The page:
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Who was more important in directing foreign affairs from 1515-1529 Henry VIII or Thomas Wolsey?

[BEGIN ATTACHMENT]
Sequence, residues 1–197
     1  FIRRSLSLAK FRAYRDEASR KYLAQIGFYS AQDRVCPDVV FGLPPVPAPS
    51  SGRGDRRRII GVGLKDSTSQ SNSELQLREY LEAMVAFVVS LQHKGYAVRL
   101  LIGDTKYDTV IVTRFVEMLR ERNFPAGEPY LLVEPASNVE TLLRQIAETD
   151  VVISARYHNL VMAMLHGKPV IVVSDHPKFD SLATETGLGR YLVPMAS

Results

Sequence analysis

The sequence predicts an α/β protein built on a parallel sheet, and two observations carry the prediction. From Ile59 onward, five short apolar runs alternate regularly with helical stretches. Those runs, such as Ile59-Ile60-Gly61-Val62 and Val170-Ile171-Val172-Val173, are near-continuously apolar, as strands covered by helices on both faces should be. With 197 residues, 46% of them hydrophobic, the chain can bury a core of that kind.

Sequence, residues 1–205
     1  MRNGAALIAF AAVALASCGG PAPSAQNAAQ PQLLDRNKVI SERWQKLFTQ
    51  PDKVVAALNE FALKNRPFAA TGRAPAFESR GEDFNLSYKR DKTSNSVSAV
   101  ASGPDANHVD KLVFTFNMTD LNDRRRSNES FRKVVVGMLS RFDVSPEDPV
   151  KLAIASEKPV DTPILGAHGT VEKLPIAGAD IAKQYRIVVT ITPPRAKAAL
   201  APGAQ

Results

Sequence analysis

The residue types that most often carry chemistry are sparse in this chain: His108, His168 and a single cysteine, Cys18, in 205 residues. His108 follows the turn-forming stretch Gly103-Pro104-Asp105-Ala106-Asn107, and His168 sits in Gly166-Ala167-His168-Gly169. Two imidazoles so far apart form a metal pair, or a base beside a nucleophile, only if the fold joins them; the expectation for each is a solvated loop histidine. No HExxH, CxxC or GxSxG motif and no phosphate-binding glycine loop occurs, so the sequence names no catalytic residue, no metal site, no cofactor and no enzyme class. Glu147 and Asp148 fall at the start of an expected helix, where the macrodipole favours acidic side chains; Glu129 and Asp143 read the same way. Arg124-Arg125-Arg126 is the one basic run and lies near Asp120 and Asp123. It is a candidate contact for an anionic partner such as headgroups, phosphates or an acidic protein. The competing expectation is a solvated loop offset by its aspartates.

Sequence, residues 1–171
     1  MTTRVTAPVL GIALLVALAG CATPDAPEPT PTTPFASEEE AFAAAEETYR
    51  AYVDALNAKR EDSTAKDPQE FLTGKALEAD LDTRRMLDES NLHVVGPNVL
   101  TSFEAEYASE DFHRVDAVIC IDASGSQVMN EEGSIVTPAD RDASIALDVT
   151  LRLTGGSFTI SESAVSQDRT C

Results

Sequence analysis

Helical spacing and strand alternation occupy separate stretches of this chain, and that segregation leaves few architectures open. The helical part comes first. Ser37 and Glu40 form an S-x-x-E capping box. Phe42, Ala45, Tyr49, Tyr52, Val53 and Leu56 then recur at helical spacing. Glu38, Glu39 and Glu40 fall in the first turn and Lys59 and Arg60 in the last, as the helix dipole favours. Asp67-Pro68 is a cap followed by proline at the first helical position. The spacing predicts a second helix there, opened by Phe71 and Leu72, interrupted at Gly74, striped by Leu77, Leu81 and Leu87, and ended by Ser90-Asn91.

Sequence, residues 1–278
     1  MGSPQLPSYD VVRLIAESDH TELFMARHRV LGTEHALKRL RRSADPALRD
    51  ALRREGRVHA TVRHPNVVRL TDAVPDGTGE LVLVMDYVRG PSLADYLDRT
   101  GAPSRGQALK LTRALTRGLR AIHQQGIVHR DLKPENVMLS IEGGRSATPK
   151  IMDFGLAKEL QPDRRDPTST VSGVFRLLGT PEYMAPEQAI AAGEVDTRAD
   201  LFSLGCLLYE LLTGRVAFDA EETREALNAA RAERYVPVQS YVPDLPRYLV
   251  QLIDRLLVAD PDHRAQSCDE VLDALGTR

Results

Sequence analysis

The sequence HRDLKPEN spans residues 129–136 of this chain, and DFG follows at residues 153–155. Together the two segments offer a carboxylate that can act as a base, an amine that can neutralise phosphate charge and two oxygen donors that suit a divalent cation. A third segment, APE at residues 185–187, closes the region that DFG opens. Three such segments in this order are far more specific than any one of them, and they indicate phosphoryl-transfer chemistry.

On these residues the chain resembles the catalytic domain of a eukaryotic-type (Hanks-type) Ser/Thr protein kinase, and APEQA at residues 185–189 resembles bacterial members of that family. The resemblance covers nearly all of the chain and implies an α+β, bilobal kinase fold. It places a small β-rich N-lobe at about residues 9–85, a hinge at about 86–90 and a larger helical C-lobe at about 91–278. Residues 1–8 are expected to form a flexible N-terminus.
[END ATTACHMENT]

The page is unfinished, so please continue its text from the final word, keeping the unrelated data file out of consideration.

When accessing who was more important in directing foreign affairs during the period 1515-1529, it is vital to define the word “directing.” One would say that directing entails controlling or managing, which in fact is the key element that distinguishes the roles of Wolsey and Henry. With hindsight, it is clear to see through key events and their consequences that Wolsey may have had influence over foreign affairs, but Henry had the overall control, therefore Henry could be seen as the one to “direct” foreign affairs from 1515-1529.Wolsey’s influence over events is more evident between 1515-1521, where meetings between England and international leaders took place. In 1521, Wolsey met with Charles V, and under the Treaty if Bruges, it was agreed that they would declare war on France if Francis refused to make peace. This undeniably was a large success for England, and in particular Wolsey. Not only was he seen as highly commendable for arranging an alliance with Charles, but also Wolsey was able to pursue his peace policy. Another event that Wolsey had influence over was The Treaty of London. Over 20 European countries signed this international treaty of universal peace and friendship. Contemporaries hailed this a moral, political and diplomatic success, and Wolsey achieved his aim, which was to be given prestige and be perceived as the peacemaker. These examples are very important to England’s position, however it is important to note that however successful Wolsey was, Henry had ultimate control.A clear example of this is the First French War. Wolsey emerged as a brilliant and efficient organiser of the campaign, which in turn fed Henry’s xenophobia and increased his prestige. This was a success for both Henry and Wolsey, however what is clearly illustrates is the way in which Henry allowed Wolsey to be dominant in the actions taken, but in reality Henry had the final say and glory. Wolsey had to adapt to Henry’s aims, even though they were completely juxtaposed to his own.Henry’s control was most apparent in the wars instigated with France. In 1522, England declared war on France. The Second French War was feared by Wolsey, as he was afraid that they would be abandoned by their ally (which incidentally they were abandoned) However, even with these fears, Wolsey had to do support Henry’s wishes. He could not exert his influence, as he was aware that he was merely the producer, whilst Henry was the director. With hindsight, it is clear to see that Henry was not a mere puppet to Wolsey’s commands and ideas. Wolsey’s fall was largely due to the fact that he could not ensure that a grant was given to Henry for an annulment with Catherine of Aragon in 1528. This shows how Henry would not tolerate Wolsey not meeting his wants and needs.Wolsey was allowed to implement ideas when thought necessary, but it was Henry who had the ultimate say. Henry had no fears of the possibility of being perceived as lower in society than Wolsey. He was very much aware of the fact that England was a patriarchal society, and that not only did he take precedence over Wolsey due to his “Divine rights,” but he also knew that Wolsey could not survive in authority without his support. This allowed Henry to trust and manipulate Wolsey where foreign affairs were concerned. However, it is important to highlight that the truth of the matter is neither Henry nor Wolsey had complete power where foreign policy was concerned.In reality Charles V and Francis of Ferdinand were the main powers which held the control over affairs. Henry may have been able to dictate Wolsey, however he was never consistent, as he had to adjust his policies according to the European events that were occurring around him. The most apparent evidence for this is when Henry appealed to Charles to let England gain control over France after the battle of Pavia, in 1525. This appeal was rejected, causing Henry to change his attitude towards France. He was made to sign the Anglo-French Treaty, which infuriated him it completely opposed his views on France, and his idea of being a great “warrior king” was deserted. In conclusion, England seemed to respond to events, not create them.This meant that neither Henry nor Wolsey had much control over foreign affairs. Henry however, within England, was seen as the country’s ruler, and having Wolsey was advantageous to him as king, as it meant that Wolsey could be used to implement his ideas with the highest of skill and intelligence. The effects of this was that Henry overall was seen as the glorious and successful king when a positive event occurred, and when something negative happened, Henry could easily use Wolsey as a scapegoat to shift the blame. Wolsey aimed to please Henry, even if this meant casting aside his own humanistic aims; therefore he was directed by Henry, whilst he produced the finer details, which ultimately were overlooked and controlled by Henry.

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